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Thread: Poole, Dorset

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    SuperMod Peter Kirk's Avatar
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    Default Poole, Dorset

    If I have got the right location this is the Reserve Fuel Depot at Poole in Dorset. This is the one destroyed by enemy action and replaced by the depot at Purton in Wiltshire.
    In the 1947 photo the bomb craters are clearly visible. I am not sure what remains in the 1999 shot but one tank is obvious, or at least the shape of it is. The others can be made out, just. I assume the remnats were buried or removed after the attack.


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    Default Re: Poole, Dorset

    Newer pic of the bomb damaged tank, (If it will load), whole site looks pretty intact.
    Last edited by Engineer; 27-07-2009 at 01:25. Reason: u/s link.

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    Default Re: Poole, Dorset

    Update. Rare pic (No 7) of a derelict pumphouse with all kit still in situ also if you adjust the exposure at least one pipeline has a 'Kerosene' tag. I assume a post war development from petrol?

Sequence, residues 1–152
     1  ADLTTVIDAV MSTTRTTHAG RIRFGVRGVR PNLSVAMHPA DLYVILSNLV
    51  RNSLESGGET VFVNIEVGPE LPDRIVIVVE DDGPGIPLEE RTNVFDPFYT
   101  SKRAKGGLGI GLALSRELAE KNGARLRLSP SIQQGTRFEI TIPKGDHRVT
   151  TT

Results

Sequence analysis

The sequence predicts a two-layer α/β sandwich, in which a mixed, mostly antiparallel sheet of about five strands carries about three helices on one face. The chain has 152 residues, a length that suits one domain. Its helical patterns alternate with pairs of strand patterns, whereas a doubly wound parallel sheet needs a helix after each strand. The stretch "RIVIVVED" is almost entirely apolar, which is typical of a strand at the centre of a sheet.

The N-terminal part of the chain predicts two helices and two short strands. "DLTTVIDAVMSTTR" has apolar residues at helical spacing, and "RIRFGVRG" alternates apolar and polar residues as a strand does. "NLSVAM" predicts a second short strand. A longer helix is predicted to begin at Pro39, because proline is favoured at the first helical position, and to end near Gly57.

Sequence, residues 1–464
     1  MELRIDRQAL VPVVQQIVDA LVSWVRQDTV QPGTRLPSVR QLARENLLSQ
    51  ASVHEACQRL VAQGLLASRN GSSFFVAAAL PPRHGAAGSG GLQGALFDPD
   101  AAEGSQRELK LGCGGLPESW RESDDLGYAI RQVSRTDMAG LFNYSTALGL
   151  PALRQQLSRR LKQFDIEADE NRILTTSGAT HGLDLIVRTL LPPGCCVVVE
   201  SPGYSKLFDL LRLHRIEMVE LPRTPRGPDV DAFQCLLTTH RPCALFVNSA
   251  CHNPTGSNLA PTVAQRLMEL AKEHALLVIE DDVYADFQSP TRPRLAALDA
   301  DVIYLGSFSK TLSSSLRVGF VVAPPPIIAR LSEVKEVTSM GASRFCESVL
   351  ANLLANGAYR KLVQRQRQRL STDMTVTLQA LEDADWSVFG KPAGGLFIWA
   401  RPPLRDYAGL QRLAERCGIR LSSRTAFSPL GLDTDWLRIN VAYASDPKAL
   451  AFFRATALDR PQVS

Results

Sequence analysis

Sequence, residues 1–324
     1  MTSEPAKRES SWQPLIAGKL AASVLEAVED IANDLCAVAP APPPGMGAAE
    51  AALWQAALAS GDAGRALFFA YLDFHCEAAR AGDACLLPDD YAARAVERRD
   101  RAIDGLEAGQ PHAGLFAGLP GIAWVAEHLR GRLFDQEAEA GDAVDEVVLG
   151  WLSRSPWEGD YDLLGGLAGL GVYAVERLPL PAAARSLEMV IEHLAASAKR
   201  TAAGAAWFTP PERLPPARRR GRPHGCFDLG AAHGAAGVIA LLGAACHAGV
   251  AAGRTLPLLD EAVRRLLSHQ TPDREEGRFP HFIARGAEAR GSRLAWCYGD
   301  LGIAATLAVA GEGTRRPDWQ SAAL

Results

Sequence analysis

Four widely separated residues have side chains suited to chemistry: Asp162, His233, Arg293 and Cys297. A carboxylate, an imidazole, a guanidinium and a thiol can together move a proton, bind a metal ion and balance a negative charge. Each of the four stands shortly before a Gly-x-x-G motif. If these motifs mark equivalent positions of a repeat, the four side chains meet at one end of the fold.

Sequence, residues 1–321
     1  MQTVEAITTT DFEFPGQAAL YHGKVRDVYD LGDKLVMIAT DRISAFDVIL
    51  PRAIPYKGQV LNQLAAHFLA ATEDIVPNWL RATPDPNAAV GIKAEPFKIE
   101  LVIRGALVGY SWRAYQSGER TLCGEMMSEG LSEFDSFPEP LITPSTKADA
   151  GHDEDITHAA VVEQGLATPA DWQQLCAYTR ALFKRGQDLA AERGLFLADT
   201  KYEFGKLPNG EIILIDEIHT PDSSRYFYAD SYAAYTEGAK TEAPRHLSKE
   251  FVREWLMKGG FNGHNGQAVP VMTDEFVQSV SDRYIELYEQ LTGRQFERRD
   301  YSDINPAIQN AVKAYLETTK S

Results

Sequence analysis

http://www.adammontague.co.uk/urban-...bunkers-poole/

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    Default Re: Poole, Dorset

    Thanks engineer. I have neglected fuel sites due to other lines of research so I appreciate the info.

    If the pipeline ID says 'kerosene' then it was not aviation fuel per se but could be the basis.

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    Default Re: Poole, Dorset

    An intriguing site.

    Damaged by bombing, replaced by Purton but all valuable plant left in situ.

    From memory there was no fire resulting from the bombing so was it originally storing 'White Oils' (Kerosene) as opposed to petrol?

    Did it's use continue with reduced tankage?

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    Default Re: Poole, Dorset